In 1977, Harvey Milk was elected as the first openly gay individual to the San Francisco’s Board of Supervisors. Although, he was defeated in his first two campaigns, he was still persistent in his work. He aspired to change the way homosexuals were treated. Before the fight for gay rights that began in the late 20th century, the way the homosexuals were regarded was abominable (“Bringing People Hope”). Milk was a politician who defended his personal rights, beliefs, and faiths not only for himself, but the entire gay community as well. He believed the rights of lesbian, gay, bisexual, transsexual, and queer (LGBTQ) individuals should not differ from those of any human beings. As a gay man, Milk felt the responsibility to lead a movement to ensure equal rights for homosexuals.
Milk grew up in Woodmere, Long Island in the 1930s and had a nondescript childhood. As a teenager, Milk realized he was gay but felt compelled to keep it a secret. After attending the State University of New York at Albany, Milk entered the United States Navy. Following his time in the military, Milk had a numerous amount of different jobs, including teaching in a high school, however none having to do with politics. However, once he realized the inferior treatment of the gay community, he ended up becoming politically involved. This was when he realized that he didn’t care what the public thought about gay individuals. He decided that it was time to live openly gay. He moved to San Francisco in 1972 with his partner because Milks partner, Jack Galen McKinley, was hired as stage director for the musical Hair (“Harvey Milk Biography Encyclopedia”). They opened up a camera shop on Castro Street, the hub of San Francisco...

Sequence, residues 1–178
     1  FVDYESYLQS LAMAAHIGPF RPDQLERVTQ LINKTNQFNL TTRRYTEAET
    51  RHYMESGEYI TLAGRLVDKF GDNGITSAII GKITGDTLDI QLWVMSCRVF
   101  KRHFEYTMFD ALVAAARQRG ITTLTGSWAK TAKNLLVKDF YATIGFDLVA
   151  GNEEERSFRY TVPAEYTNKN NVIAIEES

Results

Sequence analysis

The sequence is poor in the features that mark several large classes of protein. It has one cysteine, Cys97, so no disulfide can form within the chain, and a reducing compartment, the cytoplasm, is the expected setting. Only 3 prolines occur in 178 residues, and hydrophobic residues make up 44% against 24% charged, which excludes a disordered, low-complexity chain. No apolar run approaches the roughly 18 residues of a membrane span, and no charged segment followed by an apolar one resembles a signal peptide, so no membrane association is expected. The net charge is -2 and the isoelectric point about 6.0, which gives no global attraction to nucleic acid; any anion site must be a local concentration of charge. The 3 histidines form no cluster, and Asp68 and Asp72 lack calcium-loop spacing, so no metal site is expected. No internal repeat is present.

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...Milk’s Legacy Is Progress.” SFGate [San Francisco] 22 May 2012: n. pag. Sfgate. Web. 6 Nov. 2013.
Kuhn, Betsy. Gay Power!: The Stonewall Riots and the Gay Rights Movement. Minneapolis: Twenty First Century, 2011. Print.
Milk, Stuart. “Harvey’s Enduring Legacy.” The Criterion Collection. N.p., 22 Mar. 2011. Web. 6 Nov. 2013.
Rosmaita, Gregory J. “Harvey Milk’s Political Empowerment of the Gay Community.” The Gay Rights Movement. Ed. Jennifer Smith. Farmington Hills: Greenhaven, 2003. 79-89. Print.
Verger, Michelle. “Harvey Milk Day: Lessons Learned.” Ella Baker Center for Human Rights. N.p., 22 May 2013. Web. 26 Nov. 2013.
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